Clapperton Chakanetsa Mavhunga

 

Contact:

Room E51-194C
617-324-2792

mavhunga@mit.edu

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Associate Professor of Science, Technology, and Society (STS)

Clapperton Chakanetsa Mavhunga is an associate professor of science, technology, and society. He studied for his doctorate at the University of Michigan, his MA at Wits, and BA Honors at the University of Zimbabwe. His work seeks to contribute an African/Global Southern dimension to five discourses and practices, which he insists on pluralizing: mobilities, sciences, technologies, innovations, and natures. Mavhunga self-describes his work as a double act of productive intellectual insurgency-as an STS scholar in African Historical Studies, on one hand, and an African scholar in STS, on the other. Out of it, he hopes, might emerge new, original ways of thinking about both STS and Africa/the Global South. In particular, he is interested in engaging knowledge canon(s) emerging out of Africa (indigenous knowledge) and other canons (including Western ones) in dialogue without presuming that one is superior to the other.

These are the ancestral spirits of his first two book projects. His first, entitled Transient Workspaces: Technologies of Everyday Innovation in Zimbabwe (MIT Press, June 2014) proposes to see mobility as a transient workspace. He suggests that mobility studies are trapped in their rather narrow Western-, techno-centric referents that limit us from seeing the work of bodies-in-motion and the space the body at work occupies on the move as a transient workspace. Transient workspaces is an invitation to explore a wide array of things, spaces, ways, and means (technologies), and modes of creativity (innovation) that might inhabit the concept. The second book, The Tsetse Fly Rides Again: Mobility in the Presence of the Unignorable (nearing completion) is the story of an indefatigable insect in what is now Zimbabwe, circa 1850s to 1973. The tsetse fly feeds on blood and transmits the deadly trypanosome pathogen from forest to domesticated animals. The tsetse fly cannot travel far flying on its own, so it rides on any moving body, turning them into conveyer belts for spreading human and animal trypanosomiases. He shows that, being new to tsetse, the colonial government deferred to pre-existing African stratagems and executed them on an unprecedented scale of destruction. The book focuses on four such methods: traffic control, forest destruction, the use of toxic chemoprophylactics, and carcinogenic and environmentally pollutant organochlorine pesticides.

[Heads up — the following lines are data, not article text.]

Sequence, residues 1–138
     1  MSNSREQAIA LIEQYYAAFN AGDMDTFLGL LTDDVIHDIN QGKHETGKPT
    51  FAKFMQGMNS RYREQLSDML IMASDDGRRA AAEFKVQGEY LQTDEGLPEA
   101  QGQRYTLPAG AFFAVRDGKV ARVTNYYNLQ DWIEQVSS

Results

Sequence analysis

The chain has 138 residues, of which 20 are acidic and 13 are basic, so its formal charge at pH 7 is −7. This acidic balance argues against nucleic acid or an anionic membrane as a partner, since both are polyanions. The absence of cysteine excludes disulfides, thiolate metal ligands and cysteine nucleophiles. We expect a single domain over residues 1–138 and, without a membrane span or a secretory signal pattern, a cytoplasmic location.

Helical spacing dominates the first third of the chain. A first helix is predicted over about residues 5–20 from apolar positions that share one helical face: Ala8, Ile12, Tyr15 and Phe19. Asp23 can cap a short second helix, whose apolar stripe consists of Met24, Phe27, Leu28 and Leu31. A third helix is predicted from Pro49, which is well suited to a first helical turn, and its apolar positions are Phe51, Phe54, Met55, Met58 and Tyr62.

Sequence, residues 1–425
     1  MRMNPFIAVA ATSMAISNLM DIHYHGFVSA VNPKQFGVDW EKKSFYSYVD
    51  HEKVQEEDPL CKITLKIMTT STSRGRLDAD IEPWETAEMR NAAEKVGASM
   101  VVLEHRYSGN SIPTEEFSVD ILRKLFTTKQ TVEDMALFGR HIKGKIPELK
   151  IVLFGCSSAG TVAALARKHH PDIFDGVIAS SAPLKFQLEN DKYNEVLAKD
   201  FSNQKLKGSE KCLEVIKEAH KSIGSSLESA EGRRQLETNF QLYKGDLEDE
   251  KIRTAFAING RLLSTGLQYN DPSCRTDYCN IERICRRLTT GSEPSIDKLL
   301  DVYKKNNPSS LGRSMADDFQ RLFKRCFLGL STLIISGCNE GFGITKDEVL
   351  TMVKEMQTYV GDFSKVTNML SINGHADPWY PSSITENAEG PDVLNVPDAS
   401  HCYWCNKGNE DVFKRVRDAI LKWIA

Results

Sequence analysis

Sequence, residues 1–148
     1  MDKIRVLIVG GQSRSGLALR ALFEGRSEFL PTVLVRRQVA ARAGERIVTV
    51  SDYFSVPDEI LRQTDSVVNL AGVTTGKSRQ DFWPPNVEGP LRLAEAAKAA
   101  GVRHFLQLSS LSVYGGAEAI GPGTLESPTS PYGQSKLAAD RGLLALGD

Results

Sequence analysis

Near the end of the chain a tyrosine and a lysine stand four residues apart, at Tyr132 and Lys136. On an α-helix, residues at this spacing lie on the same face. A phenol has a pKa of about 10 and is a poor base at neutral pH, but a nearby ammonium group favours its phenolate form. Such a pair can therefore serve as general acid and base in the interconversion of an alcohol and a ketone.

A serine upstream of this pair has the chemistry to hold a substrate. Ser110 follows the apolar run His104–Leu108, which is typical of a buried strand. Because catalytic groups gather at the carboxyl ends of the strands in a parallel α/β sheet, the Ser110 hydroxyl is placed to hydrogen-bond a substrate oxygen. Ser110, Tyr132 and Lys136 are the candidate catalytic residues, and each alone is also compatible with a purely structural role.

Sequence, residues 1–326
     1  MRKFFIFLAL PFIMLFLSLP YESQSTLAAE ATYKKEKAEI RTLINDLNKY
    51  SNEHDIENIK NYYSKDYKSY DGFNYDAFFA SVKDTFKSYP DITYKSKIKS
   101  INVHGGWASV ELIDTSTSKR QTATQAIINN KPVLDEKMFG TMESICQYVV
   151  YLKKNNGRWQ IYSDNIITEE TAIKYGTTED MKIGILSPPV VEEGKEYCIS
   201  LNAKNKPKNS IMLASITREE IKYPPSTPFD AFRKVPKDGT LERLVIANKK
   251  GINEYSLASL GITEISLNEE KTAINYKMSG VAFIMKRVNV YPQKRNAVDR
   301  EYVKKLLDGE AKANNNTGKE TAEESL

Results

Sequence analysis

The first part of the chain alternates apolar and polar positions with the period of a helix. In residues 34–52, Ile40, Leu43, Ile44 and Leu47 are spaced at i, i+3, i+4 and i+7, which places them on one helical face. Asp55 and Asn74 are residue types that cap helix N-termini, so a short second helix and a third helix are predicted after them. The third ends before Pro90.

Mavhunga's next book project returns to his longstanding interest: that of reexamining the trans-national liberation movements of Southern Africa of the 1950s-80s. Its central thesis is that the most sophisticated and most important innovation of southern Africa's people was creating a vast, regional, continental, and trans-continental architecture of self-liberation. He is also the author of several book chapters and articles, including "Vermin Beings: On Pestiferous Animals and Human Game" (Social Text, 2011) and "Cidades Esfumaçadas" (Public Culture 2013). He is on the editorial board of the new mobilities journal, Transfers (Berghahn) and contributing editor of Comparative Studies of South Asia, Africa, and the Middle East (Duke). His works, CV, and other details can be found on his webpage: https://mit.academia.edu/ClappertonMavhunga.

Massachusetts Institute of Technology
MIT STS
Building E51-185
617-253-4062
stsprogram@mit.edu